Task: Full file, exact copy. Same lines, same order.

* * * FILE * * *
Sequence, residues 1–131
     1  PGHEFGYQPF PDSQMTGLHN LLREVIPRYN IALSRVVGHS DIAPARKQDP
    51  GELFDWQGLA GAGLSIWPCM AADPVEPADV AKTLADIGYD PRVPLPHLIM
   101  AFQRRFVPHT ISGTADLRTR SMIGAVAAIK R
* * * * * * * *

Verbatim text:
Sequence, residues 1–131
     1  PGHEFGYQPF PDSQMTGLHN LLREVIPRYN IALSRVVGHS DIAPARKQDP
    51  GELFDWQGLA GAGLSIWPCM AADPVEPADV AKTLADIGYD PRVPLPHLIM
   101  AFQRRFVPHT ISGTADLRTR SMIGAVAAIK R